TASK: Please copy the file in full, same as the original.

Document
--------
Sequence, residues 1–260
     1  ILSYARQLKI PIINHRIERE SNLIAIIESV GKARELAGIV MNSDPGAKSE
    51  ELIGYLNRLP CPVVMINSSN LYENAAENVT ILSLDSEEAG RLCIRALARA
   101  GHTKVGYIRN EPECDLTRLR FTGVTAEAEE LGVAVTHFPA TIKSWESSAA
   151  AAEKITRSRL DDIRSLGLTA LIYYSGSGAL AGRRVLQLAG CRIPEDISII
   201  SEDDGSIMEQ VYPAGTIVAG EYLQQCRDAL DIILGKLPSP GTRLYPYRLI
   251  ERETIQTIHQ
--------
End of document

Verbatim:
Sequence, residues 1–260
     1  ILSYARQLKI PIINHRIERE SNLIAIIESV GKARELAGIV MNSDPGAKSE
    51  ELIGYLNRLP CPVVMINSSN LYENAAENVT ILSLDSEEAG RLCIRALARA
   101  GHTKVGYIRN EPECDLTRLR FTGVTAEAEE LGVAVTHFPA TIKSWESSAA
   151  AAEKITRSRL DDIRSLGLTA LIYYSGSGAL AGRRVLQLAG CRIPEDISII
   201  SEDDGSIMEQ VYPAGTIVAG EYLQQCRDAL DIILGKLPSP GTRLYPYRLI
   251  ERETIQTIHQ